Sermons > SECOND SUNDAY OF PRE-LENT


27 Jan 2008

“From that time on, Jesus began to preach and say, ‘Repent, for the kingdom of heaven is at hand.’” (Matt. 4:17)                In the name …
I’m going to take a chance and talk politics for a change, and just for a minute or two.  Our country has a huge budget deficit and a huge trade imbalance.  The government spends a whole lot more than it earns and so we have a budget deficit.  Americans buy a whole lot more from foreign countries than foreign countries do from America and so we have a trade deficit.  These are a couple of the primary reasons why our economy isn’t doing so well at present and why there’s talk about a possible recession.  These problems have been around for a long time, and it looks like they’ll be with us for a long time to come.  But this is an election year.  Tough measures won’t fly, and long-term solutions won’t get people re-elected.  So our government is toying with the idea of sending all of us some money.  Republicans and Democrats are both talking about the same thing; their differences are over the details not the substance of sending us some money.  They call this a stimulus package.  They hope that we will all go out and spend whatever they send to us.  They don’t have the money to give us so the budget deficit will get worse, and I’ll bet most of the stuff we buy with this unexpected windfall will be at a Walmart or a Best Buy or something like that, which means that our trade deficit is going to get worse.
We have a national credit crisis at present.  Homes are being foreclosed on at an increasing rate.  Credit card debt is bankrupting families.  The price of everyday commodities like gas for the car and food for the table are climbing, but the government says go out and spend more!  These are long term problems that all of us face, but in an election year the government thinks we Americans can only think short-term solutions.  Maybe they won’t be held responsible in November if we have a fond memory of the day the government sent our check in the mail.  But after November 4th the problems are still going to be there, and they may even be worse because of these short term solutions.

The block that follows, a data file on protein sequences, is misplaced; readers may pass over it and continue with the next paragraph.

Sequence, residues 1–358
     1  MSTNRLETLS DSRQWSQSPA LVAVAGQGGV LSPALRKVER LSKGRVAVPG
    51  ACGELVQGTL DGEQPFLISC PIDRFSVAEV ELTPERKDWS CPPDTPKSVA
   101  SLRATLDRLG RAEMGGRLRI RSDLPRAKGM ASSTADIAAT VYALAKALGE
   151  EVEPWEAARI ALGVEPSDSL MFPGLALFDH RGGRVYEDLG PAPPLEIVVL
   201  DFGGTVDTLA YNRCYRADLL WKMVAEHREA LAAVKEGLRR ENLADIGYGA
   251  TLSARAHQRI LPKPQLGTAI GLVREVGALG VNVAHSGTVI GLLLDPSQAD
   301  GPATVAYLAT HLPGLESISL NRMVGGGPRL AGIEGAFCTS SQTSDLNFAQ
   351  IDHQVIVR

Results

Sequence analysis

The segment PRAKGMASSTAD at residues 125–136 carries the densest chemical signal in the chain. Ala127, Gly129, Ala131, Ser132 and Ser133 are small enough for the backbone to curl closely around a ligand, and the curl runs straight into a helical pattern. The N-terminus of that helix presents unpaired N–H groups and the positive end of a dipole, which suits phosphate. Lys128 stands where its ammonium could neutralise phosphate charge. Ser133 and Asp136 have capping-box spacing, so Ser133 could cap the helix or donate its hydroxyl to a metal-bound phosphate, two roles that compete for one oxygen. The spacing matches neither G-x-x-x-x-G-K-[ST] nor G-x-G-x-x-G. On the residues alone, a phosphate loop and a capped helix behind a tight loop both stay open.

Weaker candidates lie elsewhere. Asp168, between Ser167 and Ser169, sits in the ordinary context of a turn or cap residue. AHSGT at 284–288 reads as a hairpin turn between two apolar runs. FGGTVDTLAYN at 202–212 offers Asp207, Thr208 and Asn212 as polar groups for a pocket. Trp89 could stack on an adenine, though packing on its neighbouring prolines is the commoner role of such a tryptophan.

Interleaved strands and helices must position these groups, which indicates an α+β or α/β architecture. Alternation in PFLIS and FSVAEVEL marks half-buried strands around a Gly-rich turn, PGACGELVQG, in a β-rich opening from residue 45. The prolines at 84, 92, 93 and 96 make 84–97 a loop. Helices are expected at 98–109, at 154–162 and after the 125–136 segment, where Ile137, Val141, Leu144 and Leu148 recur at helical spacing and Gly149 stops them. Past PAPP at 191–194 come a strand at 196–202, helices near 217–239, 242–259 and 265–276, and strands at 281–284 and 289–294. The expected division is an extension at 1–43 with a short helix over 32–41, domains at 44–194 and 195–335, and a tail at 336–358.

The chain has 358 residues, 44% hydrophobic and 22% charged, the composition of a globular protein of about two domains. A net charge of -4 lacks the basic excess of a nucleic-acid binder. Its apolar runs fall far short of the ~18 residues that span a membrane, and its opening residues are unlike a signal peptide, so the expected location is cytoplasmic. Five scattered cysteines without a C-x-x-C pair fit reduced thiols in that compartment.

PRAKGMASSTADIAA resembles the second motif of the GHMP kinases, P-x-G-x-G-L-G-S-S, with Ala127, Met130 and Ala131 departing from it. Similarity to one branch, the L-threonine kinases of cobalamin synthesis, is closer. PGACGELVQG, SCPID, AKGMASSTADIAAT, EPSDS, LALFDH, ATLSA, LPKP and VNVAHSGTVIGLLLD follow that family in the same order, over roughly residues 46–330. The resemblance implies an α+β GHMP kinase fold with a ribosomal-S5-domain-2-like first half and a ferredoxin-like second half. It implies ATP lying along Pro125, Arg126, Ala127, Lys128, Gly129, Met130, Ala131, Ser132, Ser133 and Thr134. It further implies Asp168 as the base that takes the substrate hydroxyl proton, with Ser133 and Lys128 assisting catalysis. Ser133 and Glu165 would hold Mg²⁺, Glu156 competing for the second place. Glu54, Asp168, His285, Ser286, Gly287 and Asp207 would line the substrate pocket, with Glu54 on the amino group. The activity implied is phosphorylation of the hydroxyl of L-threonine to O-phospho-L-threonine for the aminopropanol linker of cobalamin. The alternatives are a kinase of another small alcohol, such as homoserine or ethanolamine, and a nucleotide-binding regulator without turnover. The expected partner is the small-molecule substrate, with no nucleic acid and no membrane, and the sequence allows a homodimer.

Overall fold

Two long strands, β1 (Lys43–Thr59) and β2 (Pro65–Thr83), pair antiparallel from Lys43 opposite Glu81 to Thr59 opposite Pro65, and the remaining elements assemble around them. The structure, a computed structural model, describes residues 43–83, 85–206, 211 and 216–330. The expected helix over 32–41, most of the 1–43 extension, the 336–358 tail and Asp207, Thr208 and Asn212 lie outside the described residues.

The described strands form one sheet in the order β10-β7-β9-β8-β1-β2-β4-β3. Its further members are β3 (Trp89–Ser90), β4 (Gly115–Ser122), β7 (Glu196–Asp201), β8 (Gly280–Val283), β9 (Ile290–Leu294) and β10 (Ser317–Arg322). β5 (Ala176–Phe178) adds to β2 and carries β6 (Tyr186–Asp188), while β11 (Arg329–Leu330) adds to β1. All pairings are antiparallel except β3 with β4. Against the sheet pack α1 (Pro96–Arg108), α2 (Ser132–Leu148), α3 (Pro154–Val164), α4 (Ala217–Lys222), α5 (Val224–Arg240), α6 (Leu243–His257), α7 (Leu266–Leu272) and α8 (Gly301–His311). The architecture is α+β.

Short term solutions can look appealing, but do they accomplish anything?  We’re in our little transitional season of Pre-Lent right now.  We’re getting ready for the 40 days that will take us from Ash Wednesday to the grave of Christ.  The church asks that today we read from the Gospel about the beginning of Jesus’ public ministry.  His very first recorded word is repent.  It’s a call to change our orientation.  To think differently.  To look at life differently.  To question our priorities.  What do we think is meaningful?  How would we define success?  What gets all of our attention and energy?  In these few questions, is God any part of the answer?  And if He’s not, repent.  Repent is about a life’s orientation, not a short term change.  It’s not just about what we’re going to do for 40 days.  It’s about who we are and what we want to be.  It’s not just about sacrifice and admitting we’re sinners.  It’s about changing our goals and priorities.  It’s about remembering that we are spiritual creatures, not just physical ones.